Harvard Square: A Novel

Harvard Square: A Novel

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by Andre Aciman

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“[Aciman’s] best so far. . . . An existentialist adventure worthy of Kerouac.”—Clancy Martin, New York Times Book Review
André Aciman has been hailed as "the most exciting new fiction writer of the twenty-first century" (New York magazine), a "brilliant chronicler of the disconnect…between who we are and who we wish we might


“[Aciman’s] best so far. . . . An existentialist adventure worthy of Kerouac.”—Clancy Martin, New York Times Book Review
André Aciman has been hailed as "the most exciting new fiction writer of the twenty-first century" (New York magazine), a "brilliant chronicler of the disconnect…between who we are and who we wish we might have been" (Wall Street Journal), and a writer of "fiction at its most supremely interesting" (Colm Tóibín). Now, with his third and most ambitious novel, Aciman delivers an elegant and powerful tale of the wages of assimilation—a moving story of an immigrant’s remembered youth and the nearly forgotten costs and sacrifices of becoming an American.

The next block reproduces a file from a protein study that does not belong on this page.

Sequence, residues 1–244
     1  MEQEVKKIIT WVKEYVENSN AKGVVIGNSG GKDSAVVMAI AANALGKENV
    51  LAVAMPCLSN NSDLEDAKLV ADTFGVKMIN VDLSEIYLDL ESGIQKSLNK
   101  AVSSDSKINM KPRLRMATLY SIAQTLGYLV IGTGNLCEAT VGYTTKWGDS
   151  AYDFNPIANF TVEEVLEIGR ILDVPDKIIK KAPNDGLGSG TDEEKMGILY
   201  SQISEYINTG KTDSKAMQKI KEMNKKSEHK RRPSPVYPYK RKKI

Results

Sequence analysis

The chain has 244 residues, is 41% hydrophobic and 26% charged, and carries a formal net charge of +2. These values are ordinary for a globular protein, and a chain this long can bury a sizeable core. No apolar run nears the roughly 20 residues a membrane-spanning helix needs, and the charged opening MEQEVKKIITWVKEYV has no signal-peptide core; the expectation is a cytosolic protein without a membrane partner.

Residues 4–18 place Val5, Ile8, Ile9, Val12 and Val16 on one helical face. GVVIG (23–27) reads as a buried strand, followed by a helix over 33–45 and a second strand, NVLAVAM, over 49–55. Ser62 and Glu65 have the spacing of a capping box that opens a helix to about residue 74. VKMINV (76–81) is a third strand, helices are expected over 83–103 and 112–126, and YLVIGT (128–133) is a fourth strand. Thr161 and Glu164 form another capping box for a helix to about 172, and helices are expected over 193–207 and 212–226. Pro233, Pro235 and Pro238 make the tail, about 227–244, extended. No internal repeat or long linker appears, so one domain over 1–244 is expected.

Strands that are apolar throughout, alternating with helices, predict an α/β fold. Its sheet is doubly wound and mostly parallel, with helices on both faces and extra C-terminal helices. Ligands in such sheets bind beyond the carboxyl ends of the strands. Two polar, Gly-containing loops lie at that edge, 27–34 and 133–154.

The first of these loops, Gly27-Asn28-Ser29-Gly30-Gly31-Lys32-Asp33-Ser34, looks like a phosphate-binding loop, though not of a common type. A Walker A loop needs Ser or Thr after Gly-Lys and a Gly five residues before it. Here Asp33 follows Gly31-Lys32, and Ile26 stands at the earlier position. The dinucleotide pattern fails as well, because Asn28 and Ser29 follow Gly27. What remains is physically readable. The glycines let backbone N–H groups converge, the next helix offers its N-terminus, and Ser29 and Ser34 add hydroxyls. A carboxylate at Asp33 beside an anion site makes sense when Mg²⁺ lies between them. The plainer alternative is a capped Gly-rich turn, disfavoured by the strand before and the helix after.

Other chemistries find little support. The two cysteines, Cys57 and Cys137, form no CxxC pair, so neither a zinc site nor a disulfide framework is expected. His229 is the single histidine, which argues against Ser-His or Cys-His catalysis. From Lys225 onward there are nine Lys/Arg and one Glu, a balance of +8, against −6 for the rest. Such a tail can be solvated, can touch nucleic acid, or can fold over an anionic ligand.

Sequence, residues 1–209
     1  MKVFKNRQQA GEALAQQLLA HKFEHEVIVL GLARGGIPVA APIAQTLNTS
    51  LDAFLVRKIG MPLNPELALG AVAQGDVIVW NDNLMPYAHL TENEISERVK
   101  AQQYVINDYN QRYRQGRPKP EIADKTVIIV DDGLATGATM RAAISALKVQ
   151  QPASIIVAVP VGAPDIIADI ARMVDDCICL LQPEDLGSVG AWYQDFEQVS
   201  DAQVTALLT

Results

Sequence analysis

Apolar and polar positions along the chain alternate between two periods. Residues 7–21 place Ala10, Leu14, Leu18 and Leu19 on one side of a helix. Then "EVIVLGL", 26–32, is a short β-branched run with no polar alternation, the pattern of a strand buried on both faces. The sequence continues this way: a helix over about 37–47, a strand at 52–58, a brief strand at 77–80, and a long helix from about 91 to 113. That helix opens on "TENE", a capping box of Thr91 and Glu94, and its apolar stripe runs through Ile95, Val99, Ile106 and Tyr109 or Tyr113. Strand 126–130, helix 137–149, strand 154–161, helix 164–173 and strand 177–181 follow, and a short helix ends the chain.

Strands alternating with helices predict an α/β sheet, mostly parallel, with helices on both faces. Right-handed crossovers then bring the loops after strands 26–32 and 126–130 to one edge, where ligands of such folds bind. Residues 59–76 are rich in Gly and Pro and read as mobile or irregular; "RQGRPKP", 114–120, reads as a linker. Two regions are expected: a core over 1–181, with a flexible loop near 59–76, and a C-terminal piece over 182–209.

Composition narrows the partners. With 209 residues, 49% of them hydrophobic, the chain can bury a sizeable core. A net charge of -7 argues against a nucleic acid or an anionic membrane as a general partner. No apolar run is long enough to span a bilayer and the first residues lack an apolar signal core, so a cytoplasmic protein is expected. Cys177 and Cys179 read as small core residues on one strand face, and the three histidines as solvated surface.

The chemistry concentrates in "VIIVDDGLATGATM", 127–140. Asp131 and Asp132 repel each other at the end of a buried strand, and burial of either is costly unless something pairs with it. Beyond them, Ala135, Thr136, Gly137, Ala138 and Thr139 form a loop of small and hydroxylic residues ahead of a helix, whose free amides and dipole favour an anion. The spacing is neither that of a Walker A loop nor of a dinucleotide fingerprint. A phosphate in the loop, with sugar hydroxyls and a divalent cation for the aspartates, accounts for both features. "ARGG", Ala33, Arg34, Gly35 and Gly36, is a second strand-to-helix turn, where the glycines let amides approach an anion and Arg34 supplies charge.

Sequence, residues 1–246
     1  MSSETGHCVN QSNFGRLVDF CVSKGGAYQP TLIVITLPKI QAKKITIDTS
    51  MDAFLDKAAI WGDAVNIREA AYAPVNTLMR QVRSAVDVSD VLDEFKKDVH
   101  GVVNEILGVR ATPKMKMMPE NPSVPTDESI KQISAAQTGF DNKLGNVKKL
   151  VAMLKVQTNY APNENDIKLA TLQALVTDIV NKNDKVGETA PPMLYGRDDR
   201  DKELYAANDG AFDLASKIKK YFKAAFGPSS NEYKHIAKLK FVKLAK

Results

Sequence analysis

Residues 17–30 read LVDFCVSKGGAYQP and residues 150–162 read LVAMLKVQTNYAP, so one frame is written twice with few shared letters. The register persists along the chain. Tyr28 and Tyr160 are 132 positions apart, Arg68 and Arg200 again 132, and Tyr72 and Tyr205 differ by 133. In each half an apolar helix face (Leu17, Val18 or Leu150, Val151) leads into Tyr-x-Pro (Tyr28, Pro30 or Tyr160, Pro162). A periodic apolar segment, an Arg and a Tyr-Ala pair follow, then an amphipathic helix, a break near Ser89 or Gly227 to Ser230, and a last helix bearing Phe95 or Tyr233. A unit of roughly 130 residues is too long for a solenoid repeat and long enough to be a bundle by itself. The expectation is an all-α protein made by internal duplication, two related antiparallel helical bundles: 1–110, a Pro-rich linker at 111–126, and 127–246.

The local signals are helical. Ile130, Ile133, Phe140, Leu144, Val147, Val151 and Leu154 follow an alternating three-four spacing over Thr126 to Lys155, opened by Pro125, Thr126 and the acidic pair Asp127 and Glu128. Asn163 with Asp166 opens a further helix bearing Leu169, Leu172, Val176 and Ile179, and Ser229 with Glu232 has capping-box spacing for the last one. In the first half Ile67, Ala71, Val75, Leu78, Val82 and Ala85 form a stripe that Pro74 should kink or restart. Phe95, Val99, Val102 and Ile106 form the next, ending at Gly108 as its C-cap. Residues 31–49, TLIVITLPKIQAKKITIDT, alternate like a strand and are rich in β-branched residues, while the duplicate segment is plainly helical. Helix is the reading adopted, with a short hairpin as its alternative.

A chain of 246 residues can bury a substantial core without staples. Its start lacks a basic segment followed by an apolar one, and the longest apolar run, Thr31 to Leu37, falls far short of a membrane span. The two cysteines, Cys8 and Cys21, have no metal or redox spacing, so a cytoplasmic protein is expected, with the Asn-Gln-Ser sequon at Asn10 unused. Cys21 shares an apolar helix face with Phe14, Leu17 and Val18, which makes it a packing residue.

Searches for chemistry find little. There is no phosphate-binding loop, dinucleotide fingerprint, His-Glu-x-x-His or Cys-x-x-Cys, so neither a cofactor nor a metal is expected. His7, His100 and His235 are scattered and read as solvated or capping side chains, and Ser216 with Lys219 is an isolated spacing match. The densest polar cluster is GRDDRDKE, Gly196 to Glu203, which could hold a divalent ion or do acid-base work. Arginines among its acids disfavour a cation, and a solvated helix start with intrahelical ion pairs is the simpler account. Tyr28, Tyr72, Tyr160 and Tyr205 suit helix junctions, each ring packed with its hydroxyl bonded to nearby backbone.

It’s the fall of 1977, and amid the lovely, leafy streets of Cambridge a young Harvard graduate student, a Jew from Egypt, longs more than anything to become an assimilated American and a professor of literature. He spends his days in a pleasant blur of seventeenth-century fiction, but when he meets a brash, charismatic Arab cab driver in a Harvard Square café, everything changes.Nicknamed Kalashnikov—Kalaj for short—for his machine-gun vitriol, the cab driver roars into the student’s life with his denunciations of the American obsession with "all things jumbo and ersatz"—Twinkies, monster television sets, all-you-can-eat buffets—and his outrageous declarations on love and the art of seduction. The student finds it hard to resist his new friend’s magnetism, and before long he begins to neglect his studies and live a double life: one in the rarified world of Harvard, the other as an exile with Kalaj on the streets of Cambridge. Together they carouse the bars and cafés around Harvard Square, trade intimate accounts of their love affairs, argue about the American dream, and skinny-dip in Walden Pond. But as final exams loom and Kalaj has his license revoked and is threatened with deportation, the student faces the decision of his life: whether to cling to his dream of New World assimilation or risk it all to defend his Old World friend.Harvard Square is a sexually charged and deeply American novel of identity and aspiration at odds. It is also an unforgettable, moving portrait of an unlikely friendship from one of the finest stylists of our time.